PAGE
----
how to quit sugar in the New Year

Posted on December 31st, 2012

Perhaps you’re playing with the idea of quitting sugar for 2013. To get well. And bright. And happy. Yes?


Some of the treats I invite you to eat when you quit sugar. Clockwise from top left: bacon and egg cupcakes, avocado and coconut water popsicles, almond butter bark, crunchy nut cheesecake, berry pie, coco nutty granola.

Look, I’m not one to to sell in things with fanfare. I will simply say: quitting sugar works. And then I will gently invite you: to try it for yourself. How does it work? What will it take? How do you do it?

1. Eat fat. And wine.

Yes, my I Quit Sugar program requires you to eat more haloumi cheese and meat (if you’re not vegan or vego), macadamia nuts, homemade chocolate, coconut, and avocado popsicles. And, yes, you can still drink wine and beer and some spirits (in case you’re worried).

2. Don’t diet.

I hate diets. Quitting sugar is not a diet. It’s not miserable, you eat more, you eat without guilt. And it’s not a fad; I don’t do fads either.

It’s about cutting out processed food and eating like our grandmother’s used to. Simple. Non-faddish.

3. Know that you will lose weight.

Some people lose 2kg. Some lose 55kg. By eating more. Weight loss is not the focus, though. Because watching your weight Read more

Merry Christmas my friends!

Posted on December 24th, 2012

Just a little note. To say Merry Christmas to you all. And to share some thoughts that bubbled forth while I was driving from Sydney to Canberra yesterday, through two massive hail storms and with temperatures bouncing from 37C to 14C and everywhere in between. It was Big Stuff. I watched as lightening struck and, then, ten minutes later, fires bloomed along the horizon.

Image by Sarah Illenberger

And this is what I think about Christmas. It’s a very emotionally charged time of year. You’ve probably heard about Emoto’s experiments with water that show how our emotions can affect water molecules (bad human moods destroy the structure, good ones make them as perfectly pretty as snowflakes).

Well, let’s have a think about what happens when A LOT – LIKE BILLIONS – of humans around the world charge up their emotions on the same day? That’s a lot of energy buzzing about, shifting water molecules around the planet. Creating spot fires. Tears. Bigness.

Christmas is a whole heap of build up. The period becomes highly charged. Loaded. All that heightened expectation, yearning, need for connection, loneliness, sadness, reminders of past hurt and love…it’s heavy stuff.

I feel it. Every year I find myself crying at Christmas. Not from sadness, but from  A LOT OF FRIGGEN EMOTION. It all feels very big. I’m not sure if you’re the same.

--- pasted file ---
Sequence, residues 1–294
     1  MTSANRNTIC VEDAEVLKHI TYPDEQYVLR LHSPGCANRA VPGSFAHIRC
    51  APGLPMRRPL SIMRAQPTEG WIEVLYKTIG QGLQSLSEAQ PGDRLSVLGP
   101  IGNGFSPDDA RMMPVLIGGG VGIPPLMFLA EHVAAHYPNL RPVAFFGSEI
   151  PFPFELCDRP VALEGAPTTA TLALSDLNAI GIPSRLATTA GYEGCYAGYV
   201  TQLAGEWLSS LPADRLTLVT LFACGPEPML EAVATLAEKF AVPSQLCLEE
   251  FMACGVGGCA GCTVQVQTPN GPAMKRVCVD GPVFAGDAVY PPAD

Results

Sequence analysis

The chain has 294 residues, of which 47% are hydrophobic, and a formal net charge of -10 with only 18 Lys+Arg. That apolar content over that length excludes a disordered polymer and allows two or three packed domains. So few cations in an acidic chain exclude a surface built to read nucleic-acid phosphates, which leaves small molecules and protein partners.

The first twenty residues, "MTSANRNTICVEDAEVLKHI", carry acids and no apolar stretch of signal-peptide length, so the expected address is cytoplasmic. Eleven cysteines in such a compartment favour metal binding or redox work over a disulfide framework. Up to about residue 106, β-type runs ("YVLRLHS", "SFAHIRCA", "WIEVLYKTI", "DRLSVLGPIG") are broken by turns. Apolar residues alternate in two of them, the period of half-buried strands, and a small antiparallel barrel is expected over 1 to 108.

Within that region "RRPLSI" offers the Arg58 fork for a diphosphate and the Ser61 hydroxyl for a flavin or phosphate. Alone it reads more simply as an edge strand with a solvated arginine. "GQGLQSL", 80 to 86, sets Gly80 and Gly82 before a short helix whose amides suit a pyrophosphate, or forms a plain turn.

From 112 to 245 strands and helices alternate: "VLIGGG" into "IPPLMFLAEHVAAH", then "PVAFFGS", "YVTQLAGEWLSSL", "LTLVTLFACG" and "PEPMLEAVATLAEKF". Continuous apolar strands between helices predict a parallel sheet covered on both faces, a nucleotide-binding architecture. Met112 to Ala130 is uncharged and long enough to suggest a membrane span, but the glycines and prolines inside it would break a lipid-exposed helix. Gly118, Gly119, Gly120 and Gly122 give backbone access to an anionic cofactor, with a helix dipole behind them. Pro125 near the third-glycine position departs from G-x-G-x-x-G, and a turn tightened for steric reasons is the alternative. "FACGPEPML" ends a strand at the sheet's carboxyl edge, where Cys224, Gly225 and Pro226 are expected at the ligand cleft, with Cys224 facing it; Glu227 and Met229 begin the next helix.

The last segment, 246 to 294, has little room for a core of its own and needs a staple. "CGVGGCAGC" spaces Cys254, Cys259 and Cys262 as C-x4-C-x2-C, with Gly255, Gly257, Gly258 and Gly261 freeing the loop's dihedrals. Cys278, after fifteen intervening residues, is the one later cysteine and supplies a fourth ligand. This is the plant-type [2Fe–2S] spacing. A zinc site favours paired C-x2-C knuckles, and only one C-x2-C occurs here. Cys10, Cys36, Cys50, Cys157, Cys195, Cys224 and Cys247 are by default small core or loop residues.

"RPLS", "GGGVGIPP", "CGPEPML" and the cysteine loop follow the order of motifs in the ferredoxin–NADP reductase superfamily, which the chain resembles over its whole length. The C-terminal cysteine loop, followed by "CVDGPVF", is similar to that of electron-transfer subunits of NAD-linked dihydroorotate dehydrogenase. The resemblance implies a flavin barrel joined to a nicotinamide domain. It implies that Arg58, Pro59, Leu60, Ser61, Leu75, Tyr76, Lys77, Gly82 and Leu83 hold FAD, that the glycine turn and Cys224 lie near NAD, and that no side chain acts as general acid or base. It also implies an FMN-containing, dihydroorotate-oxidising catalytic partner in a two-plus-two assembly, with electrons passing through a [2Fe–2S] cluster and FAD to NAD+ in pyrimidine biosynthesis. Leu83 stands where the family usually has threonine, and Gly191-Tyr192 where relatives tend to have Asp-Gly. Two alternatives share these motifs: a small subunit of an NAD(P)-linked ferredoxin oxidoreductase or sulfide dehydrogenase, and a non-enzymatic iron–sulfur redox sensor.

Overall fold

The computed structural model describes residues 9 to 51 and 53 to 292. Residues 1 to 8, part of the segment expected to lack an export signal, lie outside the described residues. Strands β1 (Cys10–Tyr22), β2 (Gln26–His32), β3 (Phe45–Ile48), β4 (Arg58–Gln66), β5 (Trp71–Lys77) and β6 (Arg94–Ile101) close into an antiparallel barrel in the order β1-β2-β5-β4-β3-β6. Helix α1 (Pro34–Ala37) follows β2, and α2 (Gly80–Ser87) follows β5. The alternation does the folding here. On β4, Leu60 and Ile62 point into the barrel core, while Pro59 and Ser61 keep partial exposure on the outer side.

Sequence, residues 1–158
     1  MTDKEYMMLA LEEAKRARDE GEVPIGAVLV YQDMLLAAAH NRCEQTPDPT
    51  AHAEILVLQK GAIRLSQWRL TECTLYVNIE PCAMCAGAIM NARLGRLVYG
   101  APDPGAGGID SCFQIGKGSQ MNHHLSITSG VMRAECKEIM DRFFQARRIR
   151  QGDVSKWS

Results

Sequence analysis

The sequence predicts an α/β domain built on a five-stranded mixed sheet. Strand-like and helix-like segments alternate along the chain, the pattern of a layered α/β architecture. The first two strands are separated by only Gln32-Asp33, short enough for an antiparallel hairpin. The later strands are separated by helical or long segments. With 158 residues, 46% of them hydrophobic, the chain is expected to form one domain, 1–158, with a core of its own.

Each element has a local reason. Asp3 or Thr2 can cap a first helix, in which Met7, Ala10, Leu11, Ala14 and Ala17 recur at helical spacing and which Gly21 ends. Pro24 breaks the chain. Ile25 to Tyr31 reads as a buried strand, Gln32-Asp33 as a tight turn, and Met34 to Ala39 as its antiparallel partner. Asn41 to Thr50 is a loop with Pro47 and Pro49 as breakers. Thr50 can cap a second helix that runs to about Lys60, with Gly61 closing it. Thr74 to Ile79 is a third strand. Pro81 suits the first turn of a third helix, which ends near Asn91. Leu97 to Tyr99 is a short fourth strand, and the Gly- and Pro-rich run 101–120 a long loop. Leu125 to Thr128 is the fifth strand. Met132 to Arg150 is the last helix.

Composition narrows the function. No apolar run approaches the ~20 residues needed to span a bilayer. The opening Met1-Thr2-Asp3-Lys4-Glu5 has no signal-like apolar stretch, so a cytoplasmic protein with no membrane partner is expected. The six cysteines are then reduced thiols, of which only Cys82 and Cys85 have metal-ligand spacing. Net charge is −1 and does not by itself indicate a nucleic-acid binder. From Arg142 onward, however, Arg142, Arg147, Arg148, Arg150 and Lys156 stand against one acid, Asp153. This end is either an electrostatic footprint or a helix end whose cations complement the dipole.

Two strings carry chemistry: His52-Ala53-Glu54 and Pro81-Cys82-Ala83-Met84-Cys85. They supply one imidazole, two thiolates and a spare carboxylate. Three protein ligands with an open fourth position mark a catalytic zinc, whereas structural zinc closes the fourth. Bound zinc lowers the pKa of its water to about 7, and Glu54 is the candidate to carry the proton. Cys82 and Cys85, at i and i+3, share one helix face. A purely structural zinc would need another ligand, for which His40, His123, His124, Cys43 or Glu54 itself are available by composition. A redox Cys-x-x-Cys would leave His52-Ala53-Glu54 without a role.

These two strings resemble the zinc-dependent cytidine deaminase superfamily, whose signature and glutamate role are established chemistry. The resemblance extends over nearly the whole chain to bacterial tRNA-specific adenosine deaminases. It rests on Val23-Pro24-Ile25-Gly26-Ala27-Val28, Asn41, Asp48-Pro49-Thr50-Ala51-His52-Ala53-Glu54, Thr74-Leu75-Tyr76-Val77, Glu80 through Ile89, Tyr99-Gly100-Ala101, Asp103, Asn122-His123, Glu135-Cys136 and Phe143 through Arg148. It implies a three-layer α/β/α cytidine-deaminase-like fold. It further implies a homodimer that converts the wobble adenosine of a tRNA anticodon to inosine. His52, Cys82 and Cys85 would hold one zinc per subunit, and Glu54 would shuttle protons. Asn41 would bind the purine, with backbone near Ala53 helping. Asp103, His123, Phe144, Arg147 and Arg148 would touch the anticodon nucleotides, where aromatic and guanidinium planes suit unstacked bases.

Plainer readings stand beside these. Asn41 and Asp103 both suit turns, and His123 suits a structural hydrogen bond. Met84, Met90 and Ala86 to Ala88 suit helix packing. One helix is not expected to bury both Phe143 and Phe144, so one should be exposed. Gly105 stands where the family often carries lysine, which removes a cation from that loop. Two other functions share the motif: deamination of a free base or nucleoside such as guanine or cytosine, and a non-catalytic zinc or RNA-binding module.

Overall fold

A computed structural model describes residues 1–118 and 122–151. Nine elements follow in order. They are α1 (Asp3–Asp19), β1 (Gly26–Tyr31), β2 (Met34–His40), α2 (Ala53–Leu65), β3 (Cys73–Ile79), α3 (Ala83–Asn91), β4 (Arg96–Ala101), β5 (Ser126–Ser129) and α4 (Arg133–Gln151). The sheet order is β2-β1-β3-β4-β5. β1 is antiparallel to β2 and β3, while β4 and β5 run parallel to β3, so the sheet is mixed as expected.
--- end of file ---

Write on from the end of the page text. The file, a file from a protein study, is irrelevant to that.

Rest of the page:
It’s a good thing, if you can just acknowledge it with a smile.

Anyway, I raise a glass to you all and wish you a wonderfully EMOTIONAL and BIG festive period and hope you can let the expectation, yearning, reminders and sadness just wash on past. And that you can smile and know we’re all in this together!

PS The team will be mostly offline until January 7, but I might post some musings during the period, if it strikes me.

I love food, hate waste: silo by joost

Posted on December 20th, 2012

I’ve been doing a bit of a series of posts on eliminating as much food waste as possible. You can catch up here and here. Today I’m sharing an interview I did with Joost Bakker, an anti-waste dynamo who owns the cafe Silo by Joost in Melbourne. I’d read a bit about the guy: he’s built a fire-proof straw bale house made entirely of recycled stuff in the Yarra Valley, and launched a piss-powered pop-up restaurant (yes, powered by urine). I loved the sound of him. In a gorgeous moment of serendipity I ran into him during a photo shoot my mate Marija was doing at her studios of Melbourne’s Top 100, um, Melbourne people for Melbourne Magazine. I went in to his cafe the next day to learn more about how he does his thing and shot this bodgy video. I thought you might find it inspiring…

YouTube Preview Image

In the video you can learn about:

* the best way to eat oats….so that they’re actually nutritious and retain their protein and can help depression (it’s all to do with restoring the health of our guts).

* how there’s no need to buy organic oats. They’re naturally pesticide free. There you go!

* another great argument against bottled water: water is a living thing and is best taken when flowing from a tap.

Feel free to share with me any anti-food wastage initiatives you know of…I’m going to keep spreading the good word…